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blockbuster on mlk

blockbuster on mlk
Originally uploaded by Zervas.

Another recent MLK BLVD addition, one of two from Portland. You sort of have to click through to really see how curious this is.

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Originally uploaded by blitzcat.

Several new shots have appeared lately in the MLK BLVD Flickr pool. Here’s a nice one from Greensboro.

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MLK BLVD/ Chattanooga

Originally uploaded by crfranko.

Some great shots from Chattanooga added to the MLK BLVD Flickr pool by our friend crfranko. I love the color on this one, but the whole batch is really good — including the “Pimp Oil” sign. Check em out.

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Chicago’s Historic King Drive

Originally uploaded by deltasly101.

A recent addition to the MLK BLVD pool: Flickr contributor deltasly101 has an excellent set called Historic King Drive, revealing “some of the greatest architecture in Chicago.” This particular shot that I’ve chosen to post here is not exactly representative, but I happened to love the colors. Anyway his set is great, check it out.

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Calliope (Post-Katrina)

I have a really bad feeling about the news that four New Orleans housing projects are now slated for demolition. I don’t have any illusions about the problems of the projects, but when I was researching the long piece in LfNO about the Desire projects, I got pretty familiar with the extremely bad history of broken promises about public housing. I won’t recap all of that here, but, it’s depressing and enraging.

The projects that will be razed are St. Bernard, Lafitte, C.J. Peete (Magnolia, spawning ground of the Cash Money empire), and Cooper (Calliope, pictured). The HUD honcho is quoted in the T-P saying:

We’re making the president’s vision a reality with an innovative plan which will reopen nearly half of the city’s public housing but also bring about a renaissance in public housing neighborhoods. Rebuilding and revitalizing public housing isn’t something that will be done overnight. Our redevelopment represents a major step forward. Sadly, not all residents will be able to return home in the near future.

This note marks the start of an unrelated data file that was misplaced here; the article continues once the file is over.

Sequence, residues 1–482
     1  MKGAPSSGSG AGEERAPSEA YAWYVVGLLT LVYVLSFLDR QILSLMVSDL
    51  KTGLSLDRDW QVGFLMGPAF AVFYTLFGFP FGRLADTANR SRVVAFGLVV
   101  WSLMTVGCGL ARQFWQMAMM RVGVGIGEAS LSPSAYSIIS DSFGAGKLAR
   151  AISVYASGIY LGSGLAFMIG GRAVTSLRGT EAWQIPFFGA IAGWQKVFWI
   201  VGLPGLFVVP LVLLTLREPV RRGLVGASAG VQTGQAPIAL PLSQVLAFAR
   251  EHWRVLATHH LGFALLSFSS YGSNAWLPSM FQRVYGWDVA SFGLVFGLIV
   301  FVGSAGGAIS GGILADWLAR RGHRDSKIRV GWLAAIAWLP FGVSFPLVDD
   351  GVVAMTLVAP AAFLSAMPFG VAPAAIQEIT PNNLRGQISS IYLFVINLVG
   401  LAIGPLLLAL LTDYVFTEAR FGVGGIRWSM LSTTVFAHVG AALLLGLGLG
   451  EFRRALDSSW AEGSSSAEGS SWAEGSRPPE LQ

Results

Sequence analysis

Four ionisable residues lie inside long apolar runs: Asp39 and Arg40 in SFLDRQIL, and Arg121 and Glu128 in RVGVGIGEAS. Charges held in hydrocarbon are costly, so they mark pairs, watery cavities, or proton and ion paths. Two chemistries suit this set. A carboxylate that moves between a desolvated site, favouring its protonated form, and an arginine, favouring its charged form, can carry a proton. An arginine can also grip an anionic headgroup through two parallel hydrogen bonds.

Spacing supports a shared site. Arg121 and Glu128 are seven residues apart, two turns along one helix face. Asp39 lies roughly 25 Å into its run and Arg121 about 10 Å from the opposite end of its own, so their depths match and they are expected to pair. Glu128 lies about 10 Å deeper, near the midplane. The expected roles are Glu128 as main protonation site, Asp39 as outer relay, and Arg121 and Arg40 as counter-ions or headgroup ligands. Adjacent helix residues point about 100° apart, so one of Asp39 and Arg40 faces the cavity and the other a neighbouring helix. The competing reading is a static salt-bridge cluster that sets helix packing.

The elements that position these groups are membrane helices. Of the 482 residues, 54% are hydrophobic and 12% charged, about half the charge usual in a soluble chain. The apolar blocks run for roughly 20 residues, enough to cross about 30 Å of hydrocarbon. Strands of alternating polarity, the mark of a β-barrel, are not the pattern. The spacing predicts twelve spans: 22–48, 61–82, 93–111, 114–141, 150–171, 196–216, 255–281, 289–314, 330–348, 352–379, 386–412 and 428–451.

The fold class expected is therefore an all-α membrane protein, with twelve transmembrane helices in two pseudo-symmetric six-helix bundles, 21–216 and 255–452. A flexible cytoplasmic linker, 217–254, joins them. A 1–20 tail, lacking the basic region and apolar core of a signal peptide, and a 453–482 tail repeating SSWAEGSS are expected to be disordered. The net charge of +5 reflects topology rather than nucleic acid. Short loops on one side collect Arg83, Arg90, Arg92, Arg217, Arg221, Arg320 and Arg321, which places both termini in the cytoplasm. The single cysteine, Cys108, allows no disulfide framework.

Sure, sure. Guys like this have been talking about major steps forward for decades. What distresses me about it is that people in public housing, obviously, have few resources, and maybe even fewer advocates. The only politician speaking up for them is William “Cold Cash” Jefferson, probably the least effective elected official in America right now. It seems to me hardly anybody else cares what happens to these people. For all the righteousness and rage in post-Katrina New Orleans, I don’t hear a whole lot about making sure the most defenseless citizens aren’t victimized and tossed aside yet again.

Maybe I’m wrong, maybe it’ll all work out this time. I certainly don’t have any easy solutions. But reading about this just gives me a sinking feeling.

The T-P story did have this bit about the Desire projects, the first updated I’ve heard.

HUD has run the city’s public housing authority since 2002, after years of rampant mismanagement and corruption took its toll on the complexes and their residents.By late 2005, HANO, directed by a one-person board of commissioners who is appointed by HUD, was making headway in its far-reaching renovation of public housing complexes. Desire and Florida in the 9th Ward were pastel-colored rows of townhouses and shotgun-type homes.

“Katrina made a bad situation worse,” Jackson said. “A massive redevelopment effort was under way when the hurricane hit.”

Today, Desire — renamed Abundance Square — and Florida are vacant, muck-stained neighborhoods. Desire was a Hope IV project, part of a federal grant program that transforms public housing into mixed-income housing.

“The developer of Desire has indicated a strong desire to bring it back online as a development,” Keller said. “They are working with the insurer right now to get funds available.”

I drove around Desire and Florida in October, last time I was in New Orleans. The pastel-colored housing looked pretty desolate. I’m pretty sure Desire flooded big-time. We’ll see if this “strong desire” to do something there ever materializes.